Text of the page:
What Is Anatomy and Physiology?

Do you know the difference between the study of anatomy and that of physiology? Read on to learn more about these closely related sciences, both of which examine various aspects of living organisms' biological systems. Schools offering Anatomy & Physiology degrees can also be found in these popular choices.

Field Overview

Anatomy and physiology, although similar in some ways, offer two distinct approaches to studying a living organism. While studying anatomy, you focus on the structure of living organisms by looking at the components of an organism's biological systems as well as the structure of the organs and tissues that make up their biological systems. On the other hand, your studies in physiology center on the function of cells, organs, and tissues, and how they work together in the body. These topics can be studied simultaneously in one course, but each science has specializations at different levels.

Important Facts About Anatomy and Physiology

Similar Occupations Agricultural and food scientists, epidemiologists, health educators (for medical scientist)
Common Courses Physiology and cell biology; cardiac physiology; human physiology; (for physiology)
Common Courses Human anatomy; anatomy through dissection; musculoskeletal anatomy; human anatomy for dentists (for anatomy)
Median Salary (2014) $79,930 per year (medical scientist)

Source: U.S. Bureau of Labor Statistics


Anatomy is a natural science dealing with the structural organization of all living things. You will often encounter a course in gross anatomy as part of a medical school program. During such a course, you are required to attend lectures as well as participate in dissection laboratory sessions, which provide you with hands-on exposure to various biological systems and organs. Specific topics you might be introduced to include the structure of the musculoskeletal, nervous, circulatory, immune, respiratory, digestive, and reproductive systems. You might also look at anatomy on a microscopic level, examining the structure of organs and tissues via their cells.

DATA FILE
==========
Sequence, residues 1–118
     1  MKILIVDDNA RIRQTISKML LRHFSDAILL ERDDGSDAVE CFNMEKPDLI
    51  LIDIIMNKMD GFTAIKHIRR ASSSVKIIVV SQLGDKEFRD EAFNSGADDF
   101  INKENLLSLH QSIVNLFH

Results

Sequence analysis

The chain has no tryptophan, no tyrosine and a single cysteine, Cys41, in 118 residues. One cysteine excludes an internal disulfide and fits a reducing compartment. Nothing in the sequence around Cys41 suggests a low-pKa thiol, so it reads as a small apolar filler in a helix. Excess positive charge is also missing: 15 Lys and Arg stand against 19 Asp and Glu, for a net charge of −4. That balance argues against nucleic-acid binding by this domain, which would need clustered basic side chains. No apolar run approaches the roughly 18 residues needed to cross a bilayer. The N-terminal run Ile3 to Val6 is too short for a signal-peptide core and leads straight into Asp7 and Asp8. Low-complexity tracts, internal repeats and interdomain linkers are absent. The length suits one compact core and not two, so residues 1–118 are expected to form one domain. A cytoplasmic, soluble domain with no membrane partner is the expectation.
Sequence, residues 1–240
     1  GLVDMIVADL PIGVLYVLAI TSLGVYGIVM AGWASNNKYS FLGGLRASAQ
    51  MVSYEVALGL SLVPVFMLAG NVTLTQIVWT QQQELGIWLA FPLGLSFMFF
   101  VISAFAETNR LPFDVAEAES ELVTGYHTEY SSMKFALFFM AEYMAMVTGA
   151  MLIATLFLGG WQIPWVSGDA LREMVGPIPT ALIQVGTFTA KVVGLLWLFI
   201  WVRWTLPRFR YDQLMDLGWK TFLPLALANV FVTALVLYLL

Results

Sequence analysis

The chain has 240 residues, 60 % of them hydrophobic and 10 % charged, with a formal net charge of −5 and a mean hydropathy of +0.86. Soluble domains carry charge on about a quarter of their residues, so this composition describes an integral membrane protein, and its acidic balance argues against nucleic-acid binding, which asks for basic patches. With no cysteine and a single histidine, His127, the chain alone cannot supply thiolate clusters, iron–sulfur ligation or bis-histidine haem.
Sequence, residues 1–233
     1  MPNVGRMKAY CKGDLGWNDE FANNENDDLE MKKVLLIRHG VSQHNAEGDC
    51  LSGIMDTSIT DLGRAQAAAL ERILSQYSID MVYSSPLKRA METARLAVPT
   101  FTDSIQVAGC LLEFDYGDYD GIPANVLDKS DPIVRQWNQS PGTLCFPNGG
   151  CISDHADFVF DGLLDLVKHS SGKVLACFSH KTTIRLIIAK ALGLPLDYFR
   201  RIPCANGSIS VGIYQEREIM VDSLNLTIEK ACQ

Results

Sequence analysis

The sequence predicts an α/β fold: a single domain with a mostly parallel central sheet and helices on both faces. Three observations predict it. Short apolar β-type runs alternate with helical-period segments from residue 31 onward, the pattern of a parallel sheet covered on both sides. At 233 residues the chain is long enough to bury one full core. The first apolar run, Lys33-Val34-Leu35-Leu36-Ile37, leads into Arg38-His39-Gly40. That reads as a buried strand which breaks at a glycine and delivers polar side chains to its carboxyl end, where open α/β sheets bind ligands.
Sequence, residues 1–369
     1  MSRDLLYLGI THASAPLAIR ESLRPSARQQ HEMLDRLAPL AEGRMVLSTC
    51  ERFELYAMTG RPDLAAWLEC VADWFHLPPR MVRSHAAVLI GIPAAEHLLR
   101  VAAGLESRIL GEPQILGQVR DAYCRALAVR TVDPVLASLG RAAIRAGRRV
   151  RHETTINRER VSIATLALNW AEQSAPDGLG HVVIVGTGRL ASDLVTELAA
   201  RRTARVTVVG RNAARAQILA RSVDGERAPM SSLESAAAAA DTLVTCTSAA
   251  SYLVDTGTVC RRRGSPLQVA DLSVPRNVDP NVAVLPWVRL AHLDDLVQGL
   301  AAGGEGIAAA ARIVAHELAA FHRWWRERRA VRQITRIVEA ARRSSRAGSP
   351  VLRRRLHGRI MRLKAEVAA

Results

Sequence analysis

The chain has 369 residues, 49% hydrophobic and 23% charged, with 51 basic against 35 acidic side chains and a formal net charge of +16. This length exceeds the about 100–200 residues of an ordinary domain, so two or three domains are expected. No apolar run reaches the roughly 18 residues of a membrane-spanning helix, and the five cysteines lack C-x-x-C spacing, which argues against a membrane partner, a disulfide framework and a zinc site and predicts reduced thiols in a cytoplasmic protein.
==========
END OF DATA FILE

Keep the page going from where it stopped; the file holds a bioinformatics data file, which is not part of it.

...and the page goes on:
Much like anatomy, physiology is concerned with the principal organ systems, such as the musculoskeletal and nervous systems. However, when studying physiology, you will be looking at the functions of cells and organs within their biological systems, rather than their structures. You could study physiology on a broad level, such as the physiology of mammals, during which you would study the manner in which organs function in the body of a mammal as a whole. You might also study with a narrower focus, such as the physiology of the cardiovascular system. For example, during this course, you might take a look at how the heart performs its particular function.

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